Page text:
The lavish, yet laid-back resort region around Punta Cana on the east coast offers world-renowned golf courses, all-inclusives and family fun. Nestled across 100 miles of beautiful beaches lapped by turquoise waters and dotted with swaying palm trees, it is the picture-perfect paradise - and popular with holiday-makers from all over the world as a result. Year after year, this region, where the Atlantic meets the Caribbean Sea, hosts international fishing competitions and a wealth of water sports.
Ultra-luxe properties are now emerging in some of the country’s most alluring and unspoilt locations – most recently making way for the esteemed Amanera amid the natural preserve at Playa Grande, where stunning beaches meet 60-foot cliffs and rolling hills. Dominated by its eponymous mile-long beach and the more intimate Playa Preciosa, this virtually untouched area of natural beauty is framed by soft green mountains lush with native trees and royal palms thanks to underground springs supplying the area with abundant fresh water.
While canyons and coastline cater for mountain bikers, windsurfers, hikers, climbers and whale-watchers. For party people, it doesn't get much better than sipping tropical cocktails on the nearby Cabarete’s beachfront or a leisurely sundowner on Puerto Plata’s Malecón. The city’s old colonial-era center is dominated by the 16th-century Fortaleza San Felipe, a Spanish fortress that now houses historical and military artifacts.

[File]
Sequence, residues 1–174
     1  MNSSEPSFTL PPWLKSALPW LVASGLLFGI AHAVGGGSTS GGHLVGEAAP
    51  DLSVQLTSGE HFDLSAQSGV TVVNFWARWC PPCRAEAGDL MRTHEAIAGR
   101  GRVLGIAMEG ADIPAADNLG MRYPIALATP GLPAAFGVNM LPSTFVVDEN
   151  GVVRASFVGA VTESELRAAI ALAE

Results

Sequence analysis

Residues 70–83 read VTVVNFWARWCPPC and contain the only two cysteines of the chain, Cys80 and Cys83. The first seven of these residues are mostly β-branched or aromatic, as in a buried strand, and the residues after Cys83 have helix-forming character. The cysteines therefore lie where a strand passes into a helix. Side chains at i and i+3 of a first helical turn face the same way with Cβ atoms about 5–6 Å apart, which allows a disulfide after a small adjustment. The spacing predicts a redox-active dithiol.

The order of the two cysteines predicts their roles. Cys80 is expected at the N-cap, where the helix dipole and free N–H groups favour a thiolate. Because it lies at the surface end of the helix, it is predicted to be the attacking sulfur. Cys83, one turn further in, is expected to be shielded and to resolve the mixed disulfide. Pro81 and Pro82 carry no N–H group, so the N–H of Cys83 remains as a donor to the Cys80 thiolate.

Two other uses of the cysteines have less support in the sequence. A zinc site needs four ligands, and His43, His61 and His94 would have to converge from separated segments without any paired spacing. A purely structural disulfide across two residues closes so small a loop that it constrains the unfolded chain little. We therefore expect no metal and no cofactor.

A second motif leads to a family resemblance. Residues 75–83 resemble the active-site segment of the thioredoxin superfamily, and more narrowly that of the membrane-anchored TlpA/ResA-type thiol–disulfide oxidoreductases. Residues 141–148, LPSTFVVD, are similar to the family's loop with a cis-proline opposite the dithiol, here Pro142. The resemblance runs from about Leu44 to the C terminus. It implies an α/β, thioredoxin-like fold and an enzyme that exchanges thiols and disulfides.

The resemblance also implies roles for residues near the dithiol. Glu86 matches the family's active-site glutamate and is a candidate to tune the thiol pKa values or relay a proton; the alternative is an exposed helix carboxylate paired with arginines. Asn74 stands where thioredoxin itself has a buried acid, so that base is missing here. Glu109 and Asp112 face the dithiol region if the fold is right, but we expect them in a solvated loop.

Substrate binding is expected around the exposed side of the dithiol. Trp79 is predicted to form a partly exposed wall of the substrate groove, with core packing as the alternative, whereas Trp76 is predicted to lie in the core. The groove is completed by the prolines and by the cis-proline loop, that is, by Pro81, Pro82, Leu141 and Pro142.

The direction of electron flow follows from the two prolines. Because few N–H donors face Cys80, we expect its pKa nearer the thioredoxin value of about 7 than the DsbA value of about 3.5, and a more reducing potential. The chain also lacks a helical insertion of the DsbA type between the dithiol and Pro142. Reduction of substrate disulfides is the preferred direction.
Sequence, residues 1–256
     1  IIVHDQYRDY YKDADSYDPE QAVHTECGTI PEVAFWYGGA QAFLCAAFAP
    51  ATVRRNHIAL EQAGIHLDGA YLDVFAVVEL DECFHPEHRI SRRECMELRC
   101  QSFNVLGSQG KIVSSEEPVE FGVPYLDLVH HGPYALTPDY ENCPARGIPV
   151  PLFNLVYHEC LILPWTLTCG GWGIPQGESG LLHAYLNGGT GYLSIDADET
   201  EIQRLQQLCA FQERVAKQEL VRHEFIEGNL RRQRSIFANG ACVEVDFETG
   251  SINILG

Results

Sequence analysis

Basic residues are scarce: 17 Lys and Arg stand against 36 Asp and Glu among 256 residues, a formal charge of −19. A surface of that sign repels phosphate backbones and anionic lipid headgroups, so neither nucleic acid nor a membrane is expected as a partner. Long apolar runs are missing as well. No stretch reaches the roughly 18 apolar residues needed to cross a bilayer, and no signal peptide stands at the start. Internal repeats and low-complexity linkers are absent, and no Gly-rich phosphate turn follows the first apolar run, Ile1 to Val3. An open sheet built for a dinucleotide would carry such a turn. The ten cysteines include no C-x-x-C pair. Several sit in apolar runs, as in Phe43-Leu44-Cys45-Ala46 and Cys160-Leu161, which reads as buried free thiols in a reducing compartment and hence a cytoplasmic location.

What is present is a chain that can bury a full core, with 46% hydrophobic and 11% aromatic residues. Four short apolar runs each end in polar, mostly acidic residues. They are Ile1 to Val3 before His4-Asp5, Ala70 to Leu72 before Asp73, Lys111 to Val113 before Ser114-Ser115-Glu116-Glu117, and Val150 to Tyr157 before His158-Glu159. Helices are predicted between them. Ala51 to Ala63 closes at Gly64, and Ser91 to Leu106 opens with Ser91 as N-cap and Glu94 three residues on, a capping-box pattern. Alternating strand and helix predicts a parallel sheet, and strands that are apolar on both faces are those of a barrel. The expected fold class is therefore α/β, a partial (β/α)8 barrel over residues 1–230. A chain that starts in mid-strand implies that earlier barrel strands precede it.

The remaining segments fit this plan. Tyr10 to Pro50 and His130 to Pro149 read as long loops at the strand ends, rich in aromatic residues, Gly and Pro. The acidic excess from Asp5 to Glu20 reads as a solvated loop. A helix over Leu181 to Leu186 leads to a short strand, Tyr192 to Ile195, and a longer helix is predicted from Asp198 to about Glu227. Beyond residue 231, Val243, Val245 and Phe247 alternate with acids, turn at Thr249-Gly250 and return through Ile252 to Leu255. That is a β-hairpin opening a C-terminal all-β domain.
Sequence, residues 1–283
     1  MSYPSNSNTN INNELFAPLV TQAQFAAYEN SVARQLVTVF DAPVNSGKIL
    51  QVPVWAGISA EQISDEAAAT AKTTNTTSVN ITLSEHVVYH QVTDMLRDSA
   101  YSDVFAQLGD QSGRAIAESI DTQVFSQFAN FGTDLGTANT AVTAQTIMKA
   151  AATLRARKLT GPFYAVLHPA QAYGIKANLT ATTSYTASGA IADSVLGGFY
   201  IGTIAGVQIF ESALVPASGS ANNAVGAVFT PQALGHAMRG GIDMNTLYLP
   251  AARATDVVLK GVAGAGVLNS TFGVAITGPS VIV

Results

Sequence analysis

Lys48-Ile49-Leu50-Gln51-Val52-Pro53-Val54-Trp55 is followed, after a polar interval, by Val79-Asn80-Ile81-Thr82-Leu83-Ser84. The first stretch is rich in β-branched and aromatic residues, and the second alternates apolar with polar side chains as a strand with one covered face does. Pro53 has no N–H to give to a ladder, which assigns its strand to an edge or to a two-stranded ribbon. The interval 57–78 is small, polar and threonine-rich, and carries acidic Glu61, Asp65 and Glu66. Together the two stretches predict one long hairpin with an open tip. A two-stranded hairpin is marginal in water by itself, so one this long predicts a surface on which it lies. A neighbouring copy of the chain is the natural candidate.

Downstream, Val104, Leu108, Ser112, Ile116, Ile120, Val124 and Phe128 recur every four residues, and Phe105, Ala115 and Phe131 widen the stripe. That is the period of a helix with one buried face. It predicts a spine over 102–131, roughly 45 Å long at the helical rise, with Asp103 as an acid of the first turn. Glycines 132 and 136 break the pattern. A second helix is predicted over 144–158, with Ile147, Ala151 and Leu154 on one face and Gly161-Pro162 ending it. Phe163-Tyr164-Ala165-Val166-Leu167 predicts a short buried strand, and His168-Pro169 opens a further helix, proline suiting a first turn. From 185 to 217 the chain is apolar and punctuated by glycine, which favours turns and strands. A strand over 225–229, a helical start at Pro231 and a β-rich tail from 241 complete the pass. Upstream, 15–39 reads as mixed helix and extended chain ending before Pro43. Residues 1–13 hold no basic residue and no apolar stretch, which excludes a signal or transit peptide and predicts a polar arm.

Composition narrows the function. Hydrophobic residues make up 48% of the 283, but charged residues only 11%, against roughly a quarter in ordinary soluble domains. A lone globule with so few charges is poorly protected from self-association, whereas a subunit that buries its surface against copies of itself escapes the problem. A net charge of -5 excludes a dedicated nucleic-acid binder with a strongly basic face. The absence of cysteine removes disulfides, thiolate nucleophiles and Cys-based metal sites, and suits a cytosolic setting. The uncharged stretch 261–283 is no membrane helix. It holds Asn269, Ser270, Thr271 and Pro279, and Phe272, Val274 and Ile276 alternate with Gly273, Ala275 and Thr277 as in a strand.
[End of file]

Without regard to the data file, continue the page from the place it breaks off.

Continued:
In a fertile valley walled in by towering peaks, the charming mountain village of Constanza is one of the Dominican Republic's most breathtaking spots. Nicknamed 'the Switzerland of the Caribbean' and with a rich agricultural tradition that dates back to the influx of Japanese farmers in the 1950s, the surrounding region is a veritable cultural melting pot, and a cool, mountainous micro-climate lends the area a distinctly un-Caribbean feel. Four national parks bursting with nature and wildlife make these stunning surrounds a must to witness the contrasting sides of this enigmatic island.
The Dominican Republic is one of the Caribbean's most geographically diverse countries, with stunning mountain scenery, desert scrublands, evocative colonial architecture and beaches offering all manner of escape for every type of traveller. Exploring is a must, to do justice to this deservedly popular destination - and thanks to recent investment in infrastructure, it is more than possible to travel between destinations in one well-planned itinerary. Where to start? Allow us...